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August 25, 2008 · Print This Article

As Olympics Conclude, China pursues final propaganda push on Tibet


Tenzin Dorjee, Deputy Director, Han Shan, Olympics Campaign Coordinator
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Students for a Free Tibet activists worldwide welcome the news of the release of ten Tibet supporters, who had been jailed by Chinese authorities in Beijing during the Olympics. Chinese authorities deported eight American Tibet supporters as the Olympics closing ceremonies were concluding on Sunday night in Beijing. Hours later, the remaining two Tibet supporters in detention – a Briton and a German National of Tibetan descent – were also deported.

“After two days of negative publicity over its extrajudicial detention of ten Tibet supporters, the Chinese government is seeking to suppress a story that would have cast a shadow over the closing ceremony of these Olympic Games, which includes a final propaganda push to legitimize China’s rule in Tibet, with Tibetans singing and dancing along with other so-called “ethnic minorities,” said Lhadon Tethong, Executive Director of Students for a Free Tibet.

The Beijing Olympics have become synonymous with overt Chinese government propaganda, heavy-handed security and intolerance of any form of protest or dissent. In the lead up to and during the Olympic Games, hundreds of Chinese have been placed under house arrest, have disappeared or suffer in re-education-through-labor camps since being swept up in an Olympics crackdown on human rights advocates and others Beijing considers ‘undesirables.’

“Thousands of Tibetans remain missing or detained in China’s ongoing crackdown against predominantly peaceful protests that began in Lhasa on March 10th and moved like a tidal wave across Tibet,” said Tenzin Dorjee, Deputy Director of Students for a Free Tibet. “During the Olympics, Tibetans have seen a vast troop build-up throughout the entire Tibetan plateau that suggests Chinese authorities are preparing a new assault against defenseless Tibetans who risked everything this spring, taking to the streets to demand human rights and freedom.”

Taiwanese-American tourist Wen Yan-King who was detained and interrogated in Kham, eastern Tibet the week before the Olympics, described the areas she visited as “a war zone.”

In order to conceal its intensifying repression in Tibet, the Chinese government has completely sealed off most of the Tibetan plateau. Tibetans in Tibet and Tibet analysts fear an escalation of the Chinese government’s clampdown in Tibet after the Olympic spotlight on China has moved on. Tibetans continue to live in a climate of surveillance, intimidation, acute fear, and a threat of violence from Chinese troops, paramilitary and police.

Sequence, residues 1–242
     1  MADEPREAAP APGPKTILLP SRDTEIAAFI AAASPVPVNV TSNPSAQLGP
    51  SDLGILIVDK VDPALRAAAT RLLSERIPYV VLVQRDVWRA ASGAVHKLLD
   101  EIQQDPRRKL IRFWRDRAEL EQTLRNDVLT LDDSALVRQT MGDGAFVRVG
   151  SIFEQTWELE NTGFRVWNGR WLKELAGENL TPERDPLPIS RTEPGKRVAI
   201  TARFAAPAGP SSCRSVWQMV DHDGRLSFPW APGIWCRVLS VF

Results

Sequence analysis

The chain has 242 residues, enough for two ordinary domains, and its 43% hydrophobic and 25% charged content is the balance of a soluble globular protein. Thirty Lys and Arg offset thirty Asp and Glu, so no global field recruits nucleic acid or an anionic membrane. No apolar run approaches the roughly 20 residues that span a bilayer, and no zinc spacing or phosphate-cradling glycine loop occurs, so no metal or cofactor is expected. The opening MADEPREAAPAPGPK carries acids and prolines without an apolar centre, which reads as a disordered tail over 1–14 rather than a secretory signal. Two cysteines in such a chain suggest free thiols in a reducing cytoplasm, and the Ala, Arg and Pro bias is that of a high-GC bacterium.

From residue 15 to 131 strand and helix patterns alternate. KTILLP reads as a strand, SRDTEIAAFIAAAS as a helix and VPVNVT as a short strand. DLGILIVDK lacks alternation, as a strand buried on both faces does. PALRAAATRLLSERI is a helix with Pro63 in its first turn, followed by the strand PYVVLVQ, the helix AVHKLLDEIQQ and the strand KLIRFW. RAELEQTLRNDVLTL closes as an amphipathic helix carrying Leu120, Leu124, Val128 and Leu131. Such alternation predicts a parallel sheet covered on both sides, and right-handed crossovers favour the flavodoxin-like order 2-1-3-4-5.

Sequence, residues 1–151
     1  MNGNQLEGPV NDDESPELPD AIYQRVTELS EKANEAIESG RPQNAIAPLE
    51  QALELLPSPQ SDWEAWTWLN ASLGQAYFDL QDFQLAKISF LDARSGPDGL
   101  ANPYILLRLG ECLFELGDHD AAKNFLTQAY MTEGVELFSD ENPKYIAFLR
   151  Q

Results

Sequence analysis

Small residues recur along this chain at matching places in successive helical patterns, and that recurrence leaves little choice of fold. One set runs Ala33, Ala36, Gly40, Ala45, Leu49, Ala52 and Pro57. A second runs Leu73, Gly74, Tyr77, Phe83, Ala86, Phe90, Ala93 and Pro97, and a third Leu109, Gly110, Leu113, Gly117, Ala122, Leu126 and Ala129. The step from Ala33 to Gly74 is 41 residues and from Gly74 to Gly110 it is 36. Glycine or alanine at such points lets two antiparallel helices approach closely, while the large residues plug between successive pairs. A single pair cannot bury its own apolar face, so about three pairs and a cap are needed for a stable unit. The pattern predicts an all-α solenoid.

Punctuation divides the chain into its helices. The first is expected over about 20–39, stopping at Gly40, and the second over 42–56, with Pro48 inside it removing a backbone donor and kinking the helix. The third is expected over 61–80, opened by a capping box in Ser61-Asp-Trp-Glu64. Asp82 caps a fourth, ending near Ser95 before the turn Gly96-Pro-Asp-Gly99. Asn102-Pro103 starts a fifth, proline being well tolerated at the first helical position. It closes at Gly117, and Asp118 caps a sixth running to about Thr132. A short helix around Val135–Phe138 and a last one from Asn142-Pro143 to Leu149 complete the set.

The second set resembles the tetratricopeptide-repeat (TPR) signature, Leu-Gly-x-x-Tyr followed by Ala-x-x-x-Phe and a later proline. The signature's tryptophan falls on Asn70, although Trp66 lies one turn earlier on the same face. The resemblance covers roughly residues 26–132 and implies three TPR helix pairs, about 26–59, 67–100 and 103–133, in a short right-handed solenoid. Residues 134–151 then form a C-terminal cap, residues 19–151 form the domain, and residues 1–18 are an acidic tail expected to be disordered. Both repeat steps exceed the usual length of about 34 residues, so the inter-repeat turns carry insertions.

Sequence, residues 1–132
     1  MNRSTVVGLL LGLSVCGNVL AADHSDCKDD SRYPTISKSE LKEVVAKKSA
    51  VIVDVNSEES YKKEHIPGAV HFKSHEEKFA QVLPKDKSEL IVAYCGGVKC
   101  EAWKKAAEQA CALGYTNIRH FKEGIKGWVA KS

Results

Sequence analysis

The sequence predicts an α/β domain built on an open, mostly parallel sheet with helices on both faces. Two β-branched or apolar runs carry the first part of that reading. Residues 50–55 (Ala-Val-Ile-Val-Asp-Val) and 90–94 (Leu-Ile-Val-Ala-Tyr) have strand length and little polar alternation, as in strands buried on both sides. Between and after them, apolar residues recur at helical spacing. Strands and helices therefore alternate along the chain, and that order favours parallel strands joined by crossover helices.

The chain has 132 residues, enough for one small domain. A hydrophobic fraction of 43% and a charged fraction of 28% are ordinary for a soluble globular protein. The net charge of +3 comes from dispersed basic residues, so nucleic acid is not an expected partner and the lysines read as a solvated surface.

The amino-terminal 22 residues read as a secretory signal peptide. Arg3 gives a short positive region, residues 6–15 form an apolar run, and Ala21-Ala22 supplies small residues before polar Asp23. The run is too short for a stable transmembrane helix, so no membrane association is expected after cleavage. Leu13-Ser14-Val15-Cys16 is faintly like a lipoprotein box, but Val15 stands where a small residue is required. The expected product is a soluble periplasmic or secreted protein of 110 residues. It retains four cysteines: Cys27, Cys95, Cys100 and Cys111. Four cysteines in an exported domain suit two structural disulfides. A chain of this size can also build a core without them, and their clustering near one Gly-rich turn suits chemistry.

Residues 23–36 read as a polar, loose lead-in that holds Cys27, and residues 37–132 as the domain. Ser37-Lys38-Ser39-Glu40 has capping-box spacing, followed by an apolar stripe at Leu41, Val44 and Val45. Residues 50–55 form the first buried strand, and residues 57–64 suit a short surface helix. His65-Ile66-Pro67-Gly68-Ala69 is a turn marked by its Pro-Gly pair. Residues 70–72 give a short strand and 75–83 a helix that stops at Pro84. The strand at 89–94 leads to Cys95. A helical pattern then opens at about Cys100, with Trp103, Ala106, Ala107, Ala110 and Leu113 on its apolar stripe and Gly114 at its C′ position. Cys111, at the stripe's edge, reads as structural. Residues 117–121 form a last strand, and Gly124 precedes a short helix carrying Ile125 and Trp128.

Students for a Free Tibet calls on the international community, and the International Olympic Committee in particular, to demand that the Chinese authorities immediately release all those people who have been unjustly detained for their political or religious views in China’s crackdown before and during the Olympics.


Notes for editors:

1) The four activists detained at 12:05am Beijing time on August 21, 2008 are:
-Jeremy Wells, 38, of New York, USA
-John Watterberg, 30, of New York, USA
-Florian Norbu Gyanatshang, 30, of Stuttgart, Germany
-Mandie McKeown, 41, of Bristol, United Kingdom

The four were swarmed at just past midnight by dozens of plainclothes police after a brief protest near the Bird’s Nest stadium. McKeown acted as an observer while Gyanatshang displayed a Tibetan flag and Wells and Watterberg raised their fists in the air in a gesture modeled on the 1968 protest of Tommie Smith and John Carlos at the Mexico City games. The action took place early Thursday morning shortly after the men’s 200-meter dash final at the Bird’s Nest, the event at which Carlos and Smith held their historic protest. See

2) The six Americans detained on August 19th are:
-James Powderly, 32, New York, USA
-Brian Conley, 28, Philadelphia, USA
-Jeffrey Rae, 28, New York, USA
-Jeffrey Goldin, 40, New York, USA
-Michael Liss, 35, New York, USA
-Tom Grant, 39, New York, USA

Powderly, a high-tech graffiti artist, was planning a pro-Tibet laser art exhibition in Beijing. The five others – photographers, videographers, writers and bloggers – have been documenting and supporting pro-Tibet demonstrations in Beijing. See

3) Fifty-three activists from the USA, UK, Canada, Germany, Tibet, Australia, and Japan, including three Tibetans with foreign passports, have been detained and deported for participating in, observing or supporting pro-Tibet protests in Beijing since August 6th.


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